Hey, Internet. As promised, I’ve got an excerpt from the new draft. Below the cut, you’ll find the whole text of the new Chapter One. Just over seven pages of raw, rough-draft content that you might enjoy. This represents, in part, the new tone and direction of the novel. What’s present here is much more in keeping with the novel that I want to write, and—while it’s very rough in spots—I’m quite happy with it. It also has the benefit of covering in the same basic ground in eight pages what took the previous Chapter Three twelve pages, setting more material up, and establishing the characters and world more fully.
So, this is where I am. Happy, but sadly stalled out until the end of the week when the Fall semester is up and my students have stopped piling papers onto my desk. I’ll be back then with more!
I stuck to the tunnels on my way to the meeting. That's a fine distinction in a place like Dawes City, where every structure and walkway is underground to one extent or another, but it exists. There are the corridors. The broadways. The places with names and enough space to stretch your arms above your head or ride a bicycle if you can requisition one. And then there are the other spaces. The tunnels. Cramped, first-generation corridors that got covered over in the expansion and turned into numbered service pathways. Only maintenance men go into the tunnels—or people who don't want to be seen.
A secret, late-night parlay with a UN official seemed to fit me into the second category well enough.
The call had come a half an hour before, at around oh-three-hundred. I had drunk myself to bed a couple of hours before, but not so badly that I didn't lay a hand on the phone by the third or fourth ring. The woman on the other end didn't wait for me to say anything. "Emory Dow," she said. Her voice had a firm musicality to it. A French-Canadian lilt, tempered with severity. I knew it from somewhere immediately, but it took me long enough to put a name with it that I almost missed what she said next:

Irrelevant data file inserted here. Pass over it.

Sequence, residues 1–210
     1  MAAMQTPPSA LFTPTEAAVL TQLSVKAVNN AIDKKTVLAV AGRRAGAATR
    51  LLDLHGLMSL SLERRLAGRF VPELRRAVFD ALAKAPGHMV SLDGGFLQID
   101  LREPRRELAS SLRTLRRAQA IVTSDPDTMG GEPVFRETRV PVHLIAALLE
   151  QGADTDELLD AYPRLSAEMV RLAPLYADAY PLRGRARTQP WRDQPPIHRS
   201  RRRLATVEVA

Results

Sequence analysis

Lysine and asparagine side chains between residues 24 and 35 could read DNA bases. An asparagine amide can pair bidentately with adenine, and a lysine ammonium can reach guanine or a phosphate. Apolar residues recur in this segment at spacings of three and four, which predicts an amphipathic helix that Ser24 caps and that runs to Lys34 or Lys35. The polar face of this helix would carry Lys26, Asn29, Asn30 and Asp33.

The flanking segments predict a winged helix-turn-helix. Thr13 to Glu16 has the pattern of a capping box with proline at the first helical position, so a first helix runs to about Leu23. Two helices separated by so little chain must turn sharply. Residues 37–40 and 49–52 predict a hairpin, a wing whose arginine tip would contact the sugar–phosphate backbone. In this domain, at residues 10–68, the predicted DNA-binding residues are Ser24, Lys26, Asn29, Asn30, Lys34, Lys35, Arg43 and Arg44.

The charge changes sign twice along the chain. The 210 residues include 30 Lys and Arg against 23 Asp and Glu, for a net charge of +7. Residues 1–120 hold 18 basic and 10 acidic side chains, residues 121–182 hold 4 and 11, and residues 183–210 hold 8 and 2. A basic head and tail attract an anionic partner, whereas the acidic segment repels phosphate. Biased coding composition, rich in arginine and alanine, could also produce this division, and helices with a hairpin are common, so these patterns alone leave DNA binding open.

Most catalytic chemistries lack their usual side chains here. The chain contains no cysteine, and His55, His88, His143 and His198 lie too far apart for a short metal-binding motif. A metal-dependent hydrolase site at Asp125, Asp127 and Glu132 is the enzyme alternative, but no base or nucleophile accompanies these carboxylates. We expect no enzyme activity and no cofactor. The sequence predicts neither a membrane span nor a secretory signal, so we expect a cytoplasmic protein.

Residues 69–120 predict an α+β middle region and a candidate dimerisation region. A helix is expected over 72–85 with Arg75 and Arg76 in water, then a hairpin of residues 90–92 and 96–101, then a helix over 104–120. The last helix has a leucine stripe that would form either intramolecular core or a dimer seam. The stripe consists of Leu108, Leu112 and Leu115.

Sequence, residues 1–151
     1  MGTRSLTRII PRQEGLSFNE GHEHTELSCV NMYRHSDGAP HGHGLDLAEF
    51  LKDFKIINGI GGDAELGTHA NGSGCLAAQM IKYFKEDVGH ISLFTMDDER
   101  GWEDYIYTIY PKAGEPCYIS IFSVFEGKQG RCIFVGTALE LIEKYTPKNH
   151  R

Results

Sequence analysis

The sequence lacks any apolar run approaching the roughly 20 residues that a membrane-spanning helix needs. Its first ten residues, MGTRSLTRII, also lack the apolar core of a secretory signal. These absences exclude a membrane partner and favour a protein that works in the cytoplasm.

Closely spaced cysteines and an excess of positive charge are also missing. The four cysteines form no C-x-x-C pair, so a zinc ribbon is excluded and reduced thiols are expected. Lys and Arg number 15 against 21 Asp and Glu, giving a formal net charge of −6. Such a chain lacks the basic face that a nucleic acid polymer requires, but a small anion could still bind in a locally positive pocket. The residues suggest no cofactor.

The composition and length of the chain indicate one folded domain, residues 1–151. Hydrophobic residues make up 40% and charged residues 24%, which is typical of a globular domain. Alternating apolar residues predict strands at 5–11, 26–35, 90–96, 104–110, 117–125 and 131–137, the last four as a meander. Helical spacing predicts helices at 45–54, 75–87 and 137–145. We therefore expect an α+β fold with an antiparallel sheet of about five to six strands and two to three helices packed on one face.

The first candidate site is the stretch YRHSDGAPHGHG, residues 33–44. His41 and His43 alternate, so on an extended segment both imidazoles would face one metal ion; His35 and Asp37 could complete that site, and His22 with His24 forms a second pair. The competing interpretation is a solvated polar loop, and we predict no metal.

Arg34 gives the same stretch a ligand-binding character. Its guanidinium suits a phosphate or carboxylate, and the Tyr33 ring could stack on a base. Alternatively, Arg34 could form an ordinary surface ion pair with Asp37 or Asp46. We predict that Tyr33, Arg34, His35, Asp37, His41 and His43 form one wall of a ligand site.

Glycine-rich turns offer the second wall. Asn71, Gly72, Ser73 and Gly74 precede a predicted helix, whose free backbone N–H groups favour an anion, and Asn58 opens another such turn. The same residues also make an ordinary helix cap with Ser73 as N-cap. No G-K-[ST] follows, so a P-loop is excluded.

"Colonial Administration requests your assistance with a sensitive matter. Be at OR-D-8 in forty-five minutes if you want the job. Regardless of your decision, your discretion is appreciated."
It didn't seem like the kind of offer you could turn down, which made me want to almost immediately. There was a lockdown on, though—the entire lunar colony had been shuttered against a debris cloud that was coming down the gravity well from the orbital factories. Communications were out, one guy had already been killed by a freak impact, and there were a couple hundred corporate station jockeys who had come in for shore-leave and ended up trapped dirtside with me and the rest of the tunnel-rats. In the end, I figured that I'd go further with steady work from Admin than I would when tempers started flaring and a drinking buddy showed up at my hatch looking for spare muscle.
So I had peeled myself out of my bunk, washed the taste of bourbon out of my mouth, and put myself together in what was left of my last black suit. When I sealed the apartment behind me I was still too asleep to be thinking about why the hell the head of UNPol Colonial Security was calling me at three in the morning, but I was plenty curious after a half an hour of walking. I probably wouldn't like it, whatever it was, but I kept telling myself that it was better than drinking my way into something stupid a day or two from then.
Part of me listened to that. The rest didn't. Either way, lunar gravity's weak enough that, whether you like it or not, it can be hard to slow down or stop when you get going. Inertia's funny like that.
* * *
I ran out of service tunnel at the edge of Outer Ring, Section-D, clambering up an access ladder and coming out into a broad, empty stretch of Armstrong Loop. The overhead lights were dimmed in deference to the colony trying to keep us on some semblance of a twenty-four hour day, so there was nobody in sight in either direction. A stencil on the nearest wall told me that I was at Hatch-3, just a couple of hundred feet or curving corridor from the meeting place.